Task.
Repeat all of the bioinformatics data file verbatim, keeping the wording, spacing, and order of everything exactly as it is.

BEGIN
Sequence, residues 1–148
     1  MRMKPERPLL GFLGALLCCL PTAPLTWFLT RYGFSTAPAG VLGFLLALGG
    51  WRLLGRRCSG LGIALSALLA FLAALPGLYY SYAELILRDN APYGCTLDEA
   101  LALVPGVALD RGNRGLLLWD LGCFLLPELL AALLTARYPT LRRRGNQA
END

Sequence, residues 1–148
     1  MRMKPERPLL GFLGALLCCL PTAPLTWFLT RYGFSTAPAG VLGFLLALGG
    51  WRLLGRRCSG LGIALSALLA FLAALPGLYY SYAELILRDN APYGCTLDEA
   101  LALVPGVALD RGNRGLLLWD LGCFLLPELL AALLTARYPT LRRRGNQA